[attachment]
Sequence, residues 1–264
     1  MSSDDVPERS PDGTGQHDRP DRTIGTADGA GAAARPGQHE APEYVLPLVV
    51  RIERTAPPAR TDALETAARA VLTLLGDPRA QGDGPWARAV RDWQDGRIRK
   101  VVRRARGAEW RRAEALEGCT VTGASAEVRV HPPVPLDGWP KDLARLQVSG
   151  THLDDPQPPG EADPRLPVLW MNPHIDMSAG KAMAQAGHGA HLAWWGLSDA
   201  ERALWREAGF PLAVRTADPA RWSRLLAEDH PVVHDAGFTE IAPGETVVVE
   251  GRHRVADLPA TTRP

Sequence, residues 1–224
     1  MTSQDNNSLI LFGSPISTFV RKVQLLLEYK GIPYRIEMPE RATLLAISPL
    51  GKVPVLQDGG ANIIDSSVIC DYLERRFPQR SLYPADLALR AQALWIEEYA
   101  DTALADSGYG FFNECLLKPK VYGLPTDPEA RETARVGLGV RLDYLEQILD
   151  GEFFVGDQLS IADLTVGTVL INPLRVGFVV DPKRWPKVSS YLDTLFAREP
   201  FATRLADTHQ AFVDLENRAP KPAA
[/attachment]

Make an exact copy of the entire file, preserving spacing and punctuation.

Sequence, residues 1–264
     1  MSSDDVPERS PDGTGQHDRP DRTIGTADGA GAAARPGQHE APEYVLPLVV
    51  RIERTAPPAR TDALETAARA VLTLLGDPRA QGDGPWARAV RDWQDGRIRK
   101  VVRRARGAEW RRAEALEGCT VTGASAEVRV HPPVPLDGWP KDLARLQVSG
   151  THLDDPQPPG EADPRLPVLW MNPHIDMSAG KAMAQAGHGA HLAWWGLSDA
   201  ERALWREAGF PLAVRTADPA RWSRLLAEDH PVVHDAGFTE IAPGETVVVE
   251  GRHRVADLPA TTRP

Sequence, residues 1–224
     1  MTSQDNNSLI LFGSPISTFV RKVQLLLEYK GIPYRIEMPE RATLLAISPL
    51  GKVPVLQDGG ANIIDSSVIC DYLERRFPQR SLYPADLALR AQALWIEEYA
   101  DTALADSGYG FFNECLLKPK VYGLPTDPEA RETARVGLGV RLDYLEQILD
   151  GEFFVGDQLS IADLTVGTVL INPLRVGFVV DPKRWPKVSS YLDTLFAREP
   201  FATRLADTHQ AFVDLENRAP KPAA